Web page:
This incidentally puts office work at a significant competitive advantage to other industries in attracting this part of the labour force. Many industries that work primarily onsite, such as construction, manufacturing, or where office work is in the minority, such as retail, provide less appeal to working mothers with young children who show a self-selection signal towards industries that offer greater flexibility.
The other factor contributing to rising participation among this demographic group has been the impact of provincial policies aimed at lowering childcare costs. The participation rate among mothers with young children had already been on a steady upward trajectory prior to the pandemic within provinces that were already implementing policies to provide more financially accessible daycare. Most well-known among the initiatives is Quebec’s subsidized childcare program, introduced in 1997 at $5/day and subsequently expanded (currently at $8.85 per day as of 2023). However, both Alberta and BC followed suit more recently and were also starting to see more labour market engagement. Alberta launched their Early Learning and Child Care (ELCC) initiative in 20171 and created 122 ELCC centres, 7,300 childcare spaces with capped fees at a maximum of $25 per day. Meanwhile, the Child Care B.C. plan2 from 2018 lowered fees at licensed facilities, created upwards of 12,700 childcare spaces with maximum fees of $10 per day, and provided an early childhood educator (ECE) wage enhancement, among other improvements.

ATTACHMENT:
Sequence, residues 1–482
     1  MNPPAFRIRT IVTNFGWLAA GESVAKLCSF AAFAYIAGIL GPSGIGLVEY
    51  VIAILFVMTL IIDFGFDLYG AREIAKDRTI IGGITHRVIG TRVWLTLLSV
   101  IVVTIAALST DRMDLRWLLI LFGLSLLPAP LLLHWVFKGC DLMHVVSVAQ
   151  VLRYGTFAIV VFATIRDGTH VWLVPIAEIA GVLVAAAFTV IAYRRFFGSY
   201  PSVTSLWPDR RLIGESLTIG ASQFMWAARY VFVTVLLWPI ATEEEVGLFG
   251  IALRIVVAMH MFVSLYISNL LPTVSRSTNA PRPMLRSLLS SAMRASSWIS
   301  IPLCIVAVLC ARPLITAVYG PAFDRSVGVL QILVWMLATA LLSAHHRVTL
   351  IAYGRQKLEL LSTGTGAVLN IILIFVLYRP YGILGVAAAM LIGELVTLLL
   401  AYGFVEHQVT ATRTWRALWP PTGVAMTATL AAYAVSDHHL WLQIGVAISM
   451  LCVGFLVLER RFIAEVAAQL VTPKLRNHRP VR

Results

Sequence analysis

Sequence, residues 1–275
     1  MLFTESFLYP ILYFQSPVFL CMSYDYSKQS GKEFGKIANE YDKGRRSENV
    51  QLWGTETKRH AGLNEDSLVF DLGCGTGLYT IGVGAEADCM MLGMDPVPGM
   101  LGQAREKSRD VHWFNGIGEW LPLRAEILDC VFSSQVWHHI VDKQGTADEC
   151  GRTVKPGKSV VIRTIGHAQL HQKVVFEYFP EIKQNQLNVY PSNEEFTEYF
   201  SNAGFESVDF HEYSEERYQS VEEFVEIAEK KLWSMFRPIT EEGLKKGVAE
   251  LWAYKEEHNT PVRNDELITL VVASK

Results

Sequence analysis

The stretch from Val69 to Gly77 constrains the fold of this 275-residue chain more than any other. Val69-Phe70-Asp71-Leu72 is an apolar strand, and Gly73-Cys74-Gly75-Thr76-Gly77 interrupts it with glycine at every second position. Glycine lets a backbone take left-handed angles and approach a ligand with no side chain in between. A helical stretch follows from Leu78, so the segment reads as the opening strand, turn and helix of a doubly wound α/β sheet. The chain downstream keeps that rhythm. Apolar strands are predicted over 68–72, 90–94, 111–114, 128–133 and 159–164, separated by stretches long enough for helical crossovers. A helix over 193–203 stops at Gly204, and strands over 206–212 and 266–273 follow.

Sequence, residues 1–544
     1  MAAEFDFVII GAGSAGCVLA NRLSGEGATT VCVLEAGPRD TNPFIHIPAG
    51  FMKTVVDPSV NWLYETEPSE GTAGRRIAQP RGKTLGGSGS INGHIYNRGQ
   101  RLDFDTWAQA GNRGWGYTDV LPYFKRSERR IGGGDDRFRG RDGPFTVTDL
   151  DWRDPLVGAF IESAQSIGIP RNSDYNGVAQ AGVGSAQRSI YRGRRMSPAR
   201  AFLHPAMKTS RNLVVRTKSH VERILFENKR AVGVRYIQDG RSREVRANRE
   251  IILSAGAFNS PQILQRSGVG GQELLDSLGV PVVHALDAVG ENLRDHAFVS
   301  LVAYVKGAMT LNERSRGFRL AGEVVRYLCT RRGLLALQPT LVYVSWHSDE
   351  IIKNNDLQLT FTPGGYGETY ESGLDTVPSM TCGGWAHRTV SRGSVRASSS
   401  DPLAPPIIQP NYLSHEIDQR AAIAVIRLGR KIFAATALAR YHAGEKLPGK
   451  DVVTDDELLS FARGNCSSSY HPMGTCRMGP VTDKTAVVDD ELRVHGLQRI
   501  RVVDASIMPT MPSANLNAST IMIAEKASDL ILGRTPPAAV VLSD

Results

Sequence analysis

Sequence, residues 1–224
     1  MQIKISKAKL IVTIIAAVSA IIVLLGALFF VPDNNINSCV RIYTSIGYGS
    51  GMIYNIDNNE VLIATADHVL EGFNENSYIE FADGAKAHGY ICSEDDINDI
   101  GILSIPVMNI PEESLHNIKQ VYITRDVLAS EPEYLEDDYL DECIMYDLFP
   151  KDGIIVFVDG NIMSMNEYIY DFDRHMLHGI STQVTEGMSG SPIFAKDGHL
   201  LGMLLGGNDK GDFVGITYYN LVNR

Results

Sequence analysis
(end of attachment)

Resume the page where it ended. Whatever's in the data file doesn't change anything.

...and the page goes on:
The impact of these individual policies comes through in the dynamics of provincial participation rates for women with young children (Chart 5). Quebec’s participation rate rose consistently from 2007 through to 2018 but stayed steady from there onwards. In the three other largest provinces, the rate largely stagnated over that same timeframe until policies were enacted. For instance, a noticeable uptick in Alberta’s participation rate emerged in 2017 and in BC after 2018. Meanwhile, in Ontario, where there had been no policies to reduce childcare costs, the participation rate barely moved. That all changed once flexible work arrangements took hold in 2020 within all provinces except Quebec. Quebec was the exception perhaps because it was already at the forefront of affordable childcare policies for 28 years, making flexible work options a lesser factor after already attracting the lion’s share of mothers who wished to work.
In short, childcare is an area where policy can and does have a significant impact. Chart 6 shows the clear relationship between childcare costs and participation rates, with cities that have lower costs tending to have higher labour force attachment among mothers. In Toronto, where median childcare costs for infants reached a staggering $1,948 per month and where centre-based care hit $2,029 per month in 2021, the participation rate for mothers with young children was lower than almost every other major urban centre in the country, with the exception of only Kitchener, Edmonton, and Windsor. Most telling of the impact affordable childcare has is in the participation rate gap between Ottawa and Gatineau. Separated by a mere nine kilometers, differences in daycare funding costs contributed to a sizeable 3.1 percentage point gap in participation rates in 2019. By 2021, that gap had swiftly narrowed to 1.9 percentage points as flexible work arrangements took hold.
The motherhood penalty and labour force scarring
The benefits of timely, affordable access to childcare cannot be understated. A recent analysis on the gender wage gap by Statistics Canada suggests that the gap closed by 6 percentage points from 19.6% in 1997 to 13.4% by 2017, largely due to newer generations of women being better educated than men and succeeding in higher-paid occupations than in the past3. However, the author notes that despite a smaller gap, a larger 70% share of it remains unexplained by human capital or occupational characteristics and attributes it partly to the motherhood penalty.